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West Bengal has an adolescent (10-19 years) population of 1.73 Crores, out of which 48.11% are girls. The age group 10-14 years forms 9.3% of the total population while 15-19 forms 9.7% of the total population (Source: Detailed Tables-SRS based on Census2011;

WHO has identified this age group as the period of preparation for adulthood during which several key developmental experiences occur like acquiring social and economic independence, development of identity, the acquisition of skills needed to carry out adult relationships and roles and the capacity for abstract reasoning. While adolescence is a time of tremendous growth and potential, it is also a time of considerable risk during which social contexts exert powerful influences.

Child marriage is one such social concern and a violation of children's rights. According to DLHS - 3 (2007-08), West Bengal shows the fifth highest prevalence of child marriage amongst all the states with 54.7% currently married women (age 20-24) being married before 18. The incidence is even higher in rural areas (57.9%). Every second girl in the high prevalence child marriage districts of West Bengal [Murshidabad (61.04%), Birbhum (58.03%), Malda (56.07%) and Purulia (54.03%)] were married off before they reach 18, the legal age for girls to get wedded.

These are also districts with high incidence of trafficking. Significantly, child betrothal and marriage is completely gendered practice - and an overwhelmingly large percentage of girls are married at before reaching adulthood - and only a miniscule percentage of boys are subjected to the same fate. This phenomenon adversely affects the education, health, nutritional status, growth and development of girls. The Selected Educational Statistics (2010-11) published by MoHRD, Government of India shows that for the state of West Bengal, the Gross Enrollment Ratio (GER) gradually decrease for high school (IX-X) and higher secondary (XI-XII) which means that more children, including girls are leaving schools in the adolescent age group. This leads to a high drop-out rate. The drop-out rate between Class I-X was 63.5% for girls and 64.9% for boys which are relatively higher in comparison to all India average: The ASER 2012 (by Pratham) shows that while only 4.2% girls are out of school in the age group of 11-14 the percentage goes up considerably (14%) for the age group 15-16 years which shows that the girls become more vulnerable in this age group.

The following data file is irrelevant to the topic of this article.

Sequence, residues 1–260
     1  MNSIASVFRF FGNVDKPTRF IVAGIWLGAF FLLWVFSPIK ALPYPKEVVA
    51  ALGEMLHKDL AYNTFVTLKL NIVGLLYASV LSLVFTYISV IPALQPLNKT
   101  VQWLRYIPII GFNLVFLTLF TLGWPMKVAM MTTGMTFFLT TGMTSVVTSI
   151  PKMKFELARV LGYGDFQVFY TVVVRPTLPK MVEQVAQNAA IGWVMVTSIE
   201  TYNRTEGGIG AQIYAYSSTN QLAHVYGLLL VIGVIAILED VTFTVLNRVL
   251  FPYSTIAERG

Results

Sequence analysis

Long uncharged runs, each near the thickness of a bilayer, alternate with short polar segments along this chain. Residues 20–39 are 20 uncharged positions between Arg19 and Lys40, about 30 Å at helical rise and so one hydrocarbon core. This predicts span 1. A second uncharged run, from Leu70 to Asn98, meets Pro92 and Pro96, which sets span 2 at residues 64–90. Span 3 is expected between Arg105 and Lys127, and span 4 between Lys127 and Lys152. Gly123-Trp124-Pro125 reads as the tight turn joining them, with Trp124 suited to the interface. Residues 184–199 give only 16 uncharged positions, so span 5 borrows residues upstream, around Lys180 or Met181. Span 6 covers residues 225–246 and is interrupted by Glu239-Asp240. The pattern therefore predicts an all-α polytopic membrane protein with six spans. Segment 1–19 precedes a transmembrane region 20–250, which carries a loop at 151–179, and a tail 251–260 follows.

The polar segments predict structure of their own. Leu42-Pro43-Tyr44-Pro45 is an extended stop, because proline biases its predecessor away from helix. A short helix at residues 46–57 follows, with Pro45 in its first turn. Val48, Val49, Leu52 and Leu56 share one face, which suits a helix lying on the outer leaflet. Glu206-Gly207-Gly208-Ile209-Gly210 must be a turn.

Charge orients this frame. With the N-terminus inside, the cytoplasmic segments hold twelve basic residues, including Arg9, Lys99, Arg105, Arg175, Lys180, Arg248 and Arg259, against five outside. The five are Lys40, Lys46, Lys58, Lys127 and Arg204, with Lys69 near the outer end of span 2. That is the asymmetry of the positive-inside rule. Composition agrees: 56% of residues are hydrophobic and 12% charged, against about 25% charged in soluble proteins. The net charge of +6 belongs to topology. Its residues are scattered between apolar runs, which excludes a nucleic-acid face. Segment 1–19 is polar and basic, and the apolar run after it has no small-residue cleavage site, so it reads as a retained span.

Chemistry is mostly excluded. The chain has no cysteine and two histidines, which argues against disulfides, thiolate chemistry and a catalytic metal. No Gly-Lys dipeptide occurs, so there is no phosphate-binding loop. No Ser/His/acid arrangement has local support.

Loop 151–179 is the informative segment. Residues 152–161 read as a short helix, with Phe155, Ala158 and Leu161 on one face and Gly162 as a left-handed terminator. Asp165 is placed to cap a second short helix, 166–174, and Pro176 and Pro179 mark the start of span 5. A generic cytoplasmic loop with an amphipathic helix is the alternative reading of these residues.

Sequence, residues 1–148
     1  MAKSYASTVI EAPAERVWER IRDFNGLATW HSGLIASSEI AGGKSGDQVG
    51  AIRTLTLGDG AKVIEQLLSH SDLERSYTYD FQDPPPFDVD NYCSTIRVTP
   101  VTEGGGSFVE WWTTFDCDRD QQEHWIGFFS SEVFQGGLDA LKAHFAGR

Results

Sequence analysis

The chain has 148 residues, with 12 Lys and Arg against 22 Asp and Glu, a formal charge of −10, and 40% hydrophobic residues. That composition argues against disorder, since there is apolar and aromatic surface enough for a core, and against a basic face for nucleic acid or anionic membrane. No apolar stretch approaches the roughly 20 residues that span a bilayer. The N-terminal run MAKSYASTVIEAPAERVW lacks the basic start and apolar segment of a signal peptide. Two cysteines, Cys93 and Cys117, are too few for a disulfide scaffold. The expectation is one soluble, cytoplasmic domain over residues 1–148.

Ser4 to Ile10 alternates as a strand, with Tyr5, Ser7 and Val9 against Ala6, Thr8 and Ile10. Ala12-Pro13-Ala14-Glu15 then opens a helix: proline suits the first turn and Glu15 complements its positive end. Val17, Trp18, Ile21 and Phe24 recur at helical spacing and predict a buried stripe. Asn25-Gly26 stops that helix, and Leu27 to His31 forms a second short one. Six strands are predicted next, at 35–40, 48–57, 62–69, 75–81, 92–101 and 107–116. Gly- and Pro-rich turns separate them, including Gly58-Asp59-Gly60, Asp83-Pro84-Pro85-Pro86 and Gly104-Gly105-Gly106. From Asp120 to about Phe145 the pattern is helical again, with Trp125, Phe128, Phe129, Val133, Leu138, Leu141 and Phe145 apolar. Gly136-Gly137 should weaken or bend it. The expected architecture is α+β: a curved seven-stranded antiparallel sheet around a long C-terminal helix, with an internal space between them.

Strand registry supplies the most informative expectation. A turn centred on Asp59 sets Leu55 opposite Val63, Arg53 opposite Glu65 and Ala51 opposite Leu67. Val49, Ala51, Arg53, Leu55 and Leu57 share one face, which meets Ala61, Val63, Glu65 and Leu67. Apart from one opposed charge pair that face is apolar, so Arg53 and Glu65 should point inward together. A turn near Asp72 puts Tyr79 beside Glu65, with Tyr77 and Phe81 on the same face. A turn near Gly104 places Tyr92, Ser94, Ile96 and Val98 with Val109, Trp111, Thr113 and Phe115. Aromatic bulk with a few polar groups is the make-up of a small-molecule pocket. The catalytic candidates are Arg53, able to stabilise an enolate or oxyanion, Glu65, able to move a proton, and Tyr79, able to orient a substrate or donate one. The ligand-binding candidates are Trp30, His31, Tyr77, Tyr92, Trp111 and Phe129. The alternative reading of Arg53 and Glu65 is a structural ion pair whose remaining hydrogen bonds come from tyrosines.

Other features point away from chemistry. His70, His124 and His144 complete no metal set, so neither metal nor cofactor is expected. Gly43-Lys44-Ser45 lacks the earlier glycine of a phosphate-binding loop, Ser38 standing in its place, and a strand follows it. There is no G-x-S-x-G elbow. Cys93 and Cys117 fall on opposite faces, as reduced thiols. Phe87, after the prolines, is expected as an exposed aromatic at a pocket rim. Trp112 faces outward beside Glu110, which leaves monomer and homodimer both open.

While a number of factors contribute towards girls dropping out of school, human rights research shows that the greatest obstacles to girls' education are child marriage, pregnancy and domestic chores, and that ensuring that girls stay in school is one of most effective protective measures against child marriage. In the above context, the Government of West Bengal has decided on creating an enabling environment for elevating the education, health and nutrition status of women and children through an innovative scheme -"Kanyashree Prakalpa".